Cashew Cream

Cashew Cream - a simple and delicious vegan alternative to dairy creams and cheeses

Oooooooo – check out these fat cashews!

They’re BIG!

And whole, and sweet, and delicious.

Raw cashews, dried bing cherries, candied orange slices from OhNuts.comA whole pound of them arrived on our porch, along with two more pounds of dried fruit (Bing cherries and candied orange slices), after a brief email exchange between yours truly and the people at Oh Nuts.

It took me roughly two seconds to accept their offer of free food in exchange for um, cooking with the aforementioned free food and telling you about it.

It wasn’t a difficult decision.

My husband reached into the cashew bag and pulled one out.

“Who eats unsalted nuts?!”

Me.

That’s who. I actually requested the unsalted, raw nuts.

Because raw nuts are good for you, and because I heard about cashew cream once-upon-a-vegan-dream, and I’ve been curious about it ever since.

Because I’ve heard that some people use cashew cream in place of cheese on top of enchiladas and nachos, or to make creamy alfredo sauce for pasta, and that vegans might eat pumpkin pie topped with whipped maple cashew cream.

Yes please, to all of the above.

And because my parents are on a funky strict diet that says cheese is bad, but cashews are good.

So me, them, and vegans. That’s who eats raw cashews.

Cashew cream has a smooth texture and a super mild nutty flavor.

You can make it taste like almost anything you want – its main purpose is to serve as a vehicle for fat.

Fat vehicles are our friends.

If you want it sweet, Sweet Cashew Cream with honey and lemon zestadd a sweet component – honey, agave, sugar, maple syrup.

(I went with honey, fresh ground nutmeg, and lemon zest to top the berries).

You want it savory? Add some salt, spice, and herbs.

You can even make a whipped cashew cream by blending it with some coconut oil.

I’m just sayin’ – fat is good. So are nuts. So are pie and nachos and sugar and salt and summer berries with honey-lemon cream sauce.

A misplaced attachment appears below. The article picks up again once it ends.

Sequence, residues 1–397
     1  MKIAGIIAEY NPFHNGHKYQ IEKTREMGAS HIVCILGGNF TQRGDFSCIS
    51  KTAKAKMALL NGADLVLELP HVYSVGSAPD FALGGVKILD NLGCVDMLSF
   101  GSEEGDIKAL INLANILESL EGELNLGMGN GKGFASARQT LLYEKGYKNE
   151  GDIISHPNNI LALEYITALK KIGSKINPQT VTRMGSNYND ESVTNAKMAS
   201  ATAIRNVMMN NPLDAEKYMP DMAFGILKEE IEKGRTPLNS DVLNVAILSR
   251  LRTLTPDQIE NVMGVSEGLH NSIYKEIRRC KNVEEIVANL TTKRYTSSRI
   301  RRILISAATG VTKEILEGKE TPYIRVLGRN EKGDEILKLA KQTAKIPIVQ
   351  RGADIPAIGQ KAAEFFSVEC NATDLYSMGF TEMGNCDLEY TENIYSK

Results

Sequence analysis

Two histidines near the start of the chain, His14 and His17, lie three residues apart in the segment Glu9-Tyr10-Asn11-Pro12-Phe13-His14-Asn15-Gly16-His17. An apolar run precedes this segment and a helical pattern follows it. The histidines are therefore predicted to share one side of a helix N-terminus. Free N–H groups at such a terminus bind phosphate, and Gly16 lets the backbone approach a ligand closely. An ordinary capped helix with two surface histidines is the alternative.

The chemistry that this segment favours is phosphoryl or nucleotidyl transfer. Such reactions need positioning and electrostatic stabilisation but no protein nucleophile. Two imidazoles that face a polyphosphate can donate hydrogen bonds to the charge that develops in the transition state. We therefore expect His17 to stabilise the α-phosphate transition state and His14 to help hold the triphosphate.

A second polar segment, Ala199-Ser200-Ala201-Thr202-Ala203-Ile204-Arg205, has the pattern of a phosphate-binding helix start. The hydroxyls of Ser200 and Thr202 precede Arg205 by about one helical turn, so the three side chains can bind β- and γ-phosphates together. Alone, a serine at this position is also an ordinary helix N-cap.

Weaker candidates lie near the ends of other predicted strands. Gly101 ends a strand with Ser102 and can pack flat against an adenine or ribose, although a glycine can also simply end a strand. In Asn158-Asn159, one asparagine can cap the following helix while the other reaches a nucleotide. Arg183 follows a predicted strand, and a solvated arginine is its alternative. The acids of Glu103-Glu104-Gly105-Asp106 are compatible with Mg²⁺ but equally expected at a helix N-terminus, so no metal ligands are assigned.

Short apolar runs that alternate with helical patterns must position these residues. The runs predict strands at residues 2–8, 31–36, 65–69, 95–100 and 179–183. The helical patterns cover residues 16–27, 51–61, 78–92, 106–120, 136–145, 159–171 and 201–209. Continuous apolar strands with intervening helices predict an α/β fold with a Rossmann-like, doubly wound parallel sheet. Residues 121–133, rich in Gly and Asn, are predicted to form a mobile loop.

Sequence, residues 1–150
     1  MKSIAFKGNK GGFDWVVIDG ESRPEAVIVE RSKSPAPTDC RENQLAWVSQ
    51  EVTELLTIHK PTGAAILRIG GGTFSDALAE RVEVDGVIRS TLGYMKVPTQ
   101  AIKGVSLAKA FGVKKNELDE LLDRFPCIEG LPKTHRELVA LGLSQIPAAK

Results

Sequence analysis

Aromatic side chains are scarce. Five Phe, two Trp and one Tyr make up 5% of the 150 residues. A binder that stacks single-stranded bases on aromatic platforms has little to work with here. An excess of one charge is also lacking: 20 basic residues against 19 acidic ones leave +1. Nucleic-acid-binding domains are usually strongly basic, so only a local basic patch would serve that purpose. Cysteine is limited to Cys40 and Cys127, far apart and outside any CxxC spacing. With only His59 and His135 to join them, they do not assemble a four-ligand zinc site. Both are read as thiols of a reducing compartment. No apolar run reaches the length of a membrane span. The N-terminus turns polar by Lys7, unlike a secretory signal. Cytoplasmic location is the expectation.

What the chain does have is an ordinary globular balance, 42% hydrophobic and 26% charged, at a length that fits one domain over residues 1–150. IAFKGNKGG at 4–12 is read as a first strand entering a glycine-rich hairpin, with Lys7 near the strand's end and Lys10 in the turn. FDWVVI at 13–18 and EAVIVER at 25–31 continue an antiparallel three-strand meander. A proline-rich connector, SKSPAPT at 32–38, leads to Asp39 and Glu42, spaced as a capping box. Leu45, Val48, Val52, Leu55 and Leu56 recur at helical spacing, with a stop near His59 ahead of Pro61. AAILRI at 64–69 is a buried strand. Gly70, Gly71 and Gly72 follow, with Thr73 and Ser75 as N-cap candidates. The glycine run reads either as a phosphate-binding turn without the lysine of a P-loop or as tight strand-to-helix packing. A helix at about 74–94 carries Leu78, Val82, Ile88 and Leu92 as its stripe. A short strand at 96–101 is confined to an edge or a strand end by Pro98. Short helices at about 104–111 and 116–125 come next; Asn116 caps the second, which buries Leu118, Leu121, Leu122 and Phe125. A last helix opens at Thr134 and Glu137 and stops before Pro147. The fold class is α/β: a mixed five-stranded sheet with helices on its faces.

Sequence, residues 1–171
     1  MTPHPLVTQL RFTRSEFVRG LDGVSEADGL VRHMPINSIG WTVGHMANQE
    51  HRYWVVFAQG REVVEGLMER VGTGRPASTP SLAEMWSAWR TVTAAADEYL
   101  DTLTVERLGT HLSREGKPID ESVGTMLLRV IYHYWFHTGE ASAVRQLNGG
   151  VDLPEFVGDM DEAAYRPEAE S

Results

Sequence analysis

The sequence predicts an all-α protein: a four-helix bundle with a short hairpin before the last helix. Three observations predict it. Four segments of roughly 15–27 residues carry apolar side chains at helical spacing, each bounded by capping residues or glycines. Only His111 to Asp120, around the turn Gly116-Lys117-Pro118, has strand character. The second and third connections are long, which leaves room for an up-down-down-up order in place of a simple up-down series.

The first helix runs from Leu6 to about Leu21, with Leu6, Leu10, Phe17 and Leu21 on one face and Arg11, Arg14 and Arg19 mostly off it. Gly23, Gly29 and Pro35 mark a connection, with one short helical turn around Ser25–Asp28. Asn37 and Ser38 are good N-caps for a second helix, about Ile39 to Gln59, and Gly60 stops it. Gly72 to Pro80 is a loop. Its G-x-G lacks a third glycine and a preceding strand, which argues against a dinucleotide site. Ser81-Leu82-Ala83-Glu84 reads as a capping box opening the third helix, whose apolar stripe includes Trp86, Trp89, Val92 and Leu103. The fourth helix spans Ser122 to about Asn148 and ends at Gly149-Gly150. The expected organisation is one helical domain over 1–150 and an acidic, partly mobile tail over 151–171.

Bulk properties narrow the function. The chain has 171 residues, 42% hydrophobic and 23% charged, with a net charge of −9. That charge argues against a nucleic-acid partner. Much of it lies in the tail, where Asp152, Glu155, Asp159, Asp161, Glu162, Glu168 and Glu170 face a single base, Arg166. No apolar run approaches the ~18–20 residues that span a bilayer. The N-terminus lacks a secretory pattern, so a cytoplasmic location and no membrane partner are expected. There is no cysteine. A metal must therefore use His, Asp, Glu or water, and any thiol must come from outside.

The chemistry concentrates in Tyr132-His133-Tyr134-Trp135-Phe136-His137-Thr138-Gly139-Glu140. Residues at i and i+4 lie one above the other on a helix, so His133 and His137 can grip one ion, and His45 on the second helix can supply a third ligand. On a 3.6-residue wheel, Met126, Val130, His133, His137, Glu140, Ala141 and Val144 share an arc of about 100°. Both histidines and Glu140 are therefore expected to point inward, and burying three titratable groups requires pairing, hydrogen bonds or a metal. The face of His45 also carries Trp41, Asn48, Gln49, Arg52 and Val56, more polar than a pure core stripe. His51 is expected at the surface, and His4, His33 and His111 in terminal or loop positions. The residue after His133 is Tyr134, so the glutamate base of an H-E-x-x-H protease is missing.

Tomorrow we’re looking at heirloom tomato flatbread with fresh pesto and yup, you guessed it, savory cashew cream. . . .

See you then.

Cashew Cream

Cashew cream is the perfect vegan alternative to cream and cheese. With versatility that lends itself to both sweet and savory flavors, it's a healthy option for anyone up for a creamy, dairy-free sauce. Even if you're not typically vegan or dairy-free, give it a try - you might be surprised!

Ingredients

  • 2 cups raw cashews
  • water
  • For Sweet Cashew Cream:
  • 1 cup prepared basic cashew cream
  • 1 teaspoon (or more) honey
  • 1/4 teaspoon (or more) fresh grated lemon zest

Directions

Rinse cashews with very cold water.

Put the drained nuts in a bowl with enough cold water that the nust are fully covered by about an inch.

Cover the bowl and refrigerate over night.

The next day, drain the cashewsr , reserving the cold soaking water.

Place the nuts in a blender with some of the reserved water. You can determine the thickness of the cream by how much water you add. It's up to you. Start small and add more as you go. I found that the more water I added, the smoother the cream became - which is what I prefered.

Blend on high speed until desired consistency.

Store, covered, in the refrigerator for up to three days.

For the Sweet Cashew Cream

Add in honey and lemon zest and whir in the blender until mixed evenly.

Source

Sara | Home is Where The Cookies Are

http://www.wherethecookiesare.com/2013/07/24/cashew-cream/

7 thoughts on “Cashew Cream

  1. I eat raw nuts. And I’m not vegan, you, or on a funky diet. So where does that put me?? And sweet baby cashew, but this looks dee-licious.

  2. I’m with Jill–totally eat raw nuts. Such pure nut goodness! Raw almonds cower and hide in my presence.

    P.S. “Fat vehicles are our friends”–blog tagline? T-shirts? Inspirational posters? I say, yes!

    • I know! I thought the same thing. Everything I read about it though gave the same time frame, so for the sake of food safety, that’s what I’d stick with. Part of me thinks that things tend to last a little longer than everyone says though. . . . I do know however, that you can freeze it for at least a month. When it comes time to use it, thaw it, then give it another whir in the blender to refresh the consistency.

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